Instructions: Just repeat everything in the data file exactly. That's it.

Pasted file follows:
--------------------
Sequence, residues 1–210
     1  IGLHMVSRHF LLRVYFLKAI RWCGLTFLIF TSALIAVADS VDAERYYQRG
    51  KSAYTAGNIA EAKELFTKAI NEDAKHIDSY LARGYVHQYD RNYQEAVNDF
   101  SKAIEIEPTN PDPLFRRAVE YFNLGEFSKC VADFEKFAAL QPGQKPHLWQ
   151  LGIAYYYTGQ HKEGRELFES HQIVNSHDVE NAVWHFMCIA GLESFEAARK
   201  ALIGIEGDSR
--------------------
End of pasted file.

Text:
Sequence, residues 1–210
     1  IGLHMVSRHF LLRVYFLKAI RWCGLTFLIF TSALIAVADS VDAERYYQRG
    51  KSAYTAGNIA EAKELFTKAI NEDAKHIDSY LARGYVHQYD RNYQEAVNDF
   101  SKAIEIEPTN PDPLFRRAVE YFNLGEFSKC VADFEKFAAL QPGQKPHLWQ
   151  LGIAYYYTGQ HKEGRELFES HQIVNSHDVE NAVWHFMCIA GLESFEAARK
   201  ALIGIEGDSR